European Chemical Industry European Chemical Engineers Call for Less Reliance on Fossil Fuels

Editor: Marion Henig

Europe must do more to reduce its dependency on fossil fuels, according to the results of a new survey commissioned by the European Federation of Chemical Engineering (EFCE).

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(Logo: EFCE)
(Logo: EFCE)

Brussels, Belgium - Almost 1800 chemical and process engineers took part in the study and 87% agreed that their country must do more to reduce its fossil fuel reliance with 81% of voters citing climate change as a big challenge for the future of humanity.

However, 58% of participants admitted that they needed more factual information to understand energy and climate issues. The survey findings were presented yesterday by EFCE president, Richard Darton to an audience of invited guests in Brussels, Belgium.

Broad View of the European Chemical Engineering Community

35 countries were represented in the survey and the data was gathered throughout January and February 2011. The data was analysed to determine the broad view of the European chemical engineering community as a whole and findings from nations with more than 100 responses (Denmark, Germany, Italy, The Netherlands and UK) were also reported in more detail.

Participants were also asked for their views on ethics in industry. 74% agreed that their management had a genuine commitment to ethical standards with just 23% citing the need for training on ethical issues.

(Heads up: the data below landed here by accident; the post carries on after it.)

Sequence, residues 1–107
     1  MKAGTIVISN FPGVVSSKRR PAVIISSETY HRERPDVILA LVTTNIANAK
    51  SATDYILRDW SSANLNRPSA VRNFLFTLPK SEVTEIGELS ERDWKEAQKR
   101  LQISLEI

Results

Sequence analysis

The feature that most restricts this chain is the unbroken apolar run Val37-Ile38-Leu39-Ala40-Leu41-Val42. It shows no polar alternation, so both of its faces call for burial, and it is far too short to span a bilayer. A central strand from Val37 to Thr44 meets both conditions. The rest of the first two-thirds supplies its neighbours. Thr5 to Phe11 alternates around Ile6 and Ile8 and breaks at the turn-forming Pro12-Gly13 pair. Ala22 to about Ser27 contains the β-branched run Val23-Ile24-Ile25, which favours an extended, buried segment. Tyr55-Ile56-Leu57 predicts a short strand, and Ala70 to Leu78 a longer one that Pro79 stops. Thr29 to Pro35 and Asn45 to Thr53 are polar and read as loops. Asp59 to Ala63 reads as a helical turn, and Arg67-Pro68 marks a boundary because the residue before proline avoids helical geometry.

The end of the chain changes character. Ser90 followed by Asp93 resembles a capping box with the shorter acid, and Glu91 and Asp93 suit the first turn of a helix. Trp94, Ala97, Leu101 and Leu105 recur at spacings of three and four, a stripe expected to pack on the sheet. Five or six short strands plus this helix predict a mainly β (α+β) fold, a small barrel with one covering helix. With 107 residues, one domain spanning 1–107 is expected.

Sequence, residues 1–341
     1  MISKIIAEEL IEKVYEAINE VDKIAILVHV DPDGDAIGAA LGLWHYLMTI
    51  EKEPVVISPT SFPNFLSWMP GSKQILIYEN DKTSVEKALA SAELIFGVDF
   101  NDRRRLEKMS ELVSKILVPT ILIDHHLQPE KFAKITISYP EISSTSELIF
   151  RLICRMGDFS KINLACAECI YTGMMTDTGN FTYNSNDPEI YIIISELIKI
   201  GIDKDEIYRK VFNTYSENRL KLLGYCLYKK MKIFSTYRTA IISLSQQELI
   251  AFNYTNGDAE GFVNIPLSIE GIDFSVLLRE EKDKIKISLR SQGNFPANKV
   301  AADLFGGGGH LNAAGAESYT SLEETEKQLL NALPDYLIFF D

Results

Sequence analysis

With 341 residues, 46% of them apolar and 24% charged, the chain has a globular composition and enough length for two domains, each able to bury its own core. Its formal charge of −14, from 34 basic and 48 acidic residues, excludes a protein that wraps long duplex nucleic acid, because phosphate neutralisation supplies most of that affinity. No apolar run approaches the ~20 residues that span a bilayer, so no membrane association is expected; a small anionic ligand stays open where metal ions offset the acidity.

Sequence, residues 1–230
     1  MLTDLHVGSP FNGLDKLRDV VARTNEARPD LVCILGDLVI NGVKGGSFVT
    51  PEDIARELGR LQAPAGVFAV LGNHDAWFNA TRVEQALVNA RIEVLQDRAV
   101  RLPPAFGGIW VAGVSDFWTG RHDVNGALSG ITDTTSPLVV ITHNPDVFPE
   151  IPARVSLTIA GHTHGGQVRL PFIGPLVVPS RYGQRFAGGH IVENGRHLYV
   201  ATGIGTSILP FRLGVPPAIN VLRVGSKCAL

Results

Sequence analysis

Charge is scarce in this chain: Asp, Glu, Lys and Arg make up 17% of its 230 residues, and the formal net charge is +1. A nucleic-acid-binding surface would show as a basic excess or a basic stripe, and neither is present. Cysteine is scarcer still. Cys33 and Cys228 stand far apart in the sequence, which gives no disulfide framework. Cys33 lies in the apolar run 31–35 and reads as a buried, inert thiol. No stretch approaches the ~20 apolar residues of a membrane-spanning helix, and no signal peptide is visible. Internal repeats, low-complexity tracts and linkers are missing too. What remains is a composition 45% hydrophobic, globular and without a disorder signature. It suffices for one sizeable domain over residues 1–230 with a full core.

Chemical Engineering: the Right Career

83% of participants agreed with the statement ‘chemical engineering is the right career for me’ and 70% of voters said that there are good opportunities for chemical engineers in their country. Chemical engineers based in Denmark and Germany both displayed markedly higher career satisfaction levels than the survey average.

Elsewhere, just 60% of voters claimed to have been helped by industry during their education and training and 36% of participants thought they may be working in another country in five years time.

The meeting included a contribution from the president of the European Parliament, Jerzy Buzek and a roundtable discussion involving senior representatives of the European chemical industry council, Cefic, SusChem and executives from the European chemical industry.

Buzek was also presented with a certificate of Honorary Fellowship by the Institution of Chemical Engineers (IChemE), founder members of the EFCE, in recognition of his achievements as a chemical engineer and occupying a leading position on the international stage.

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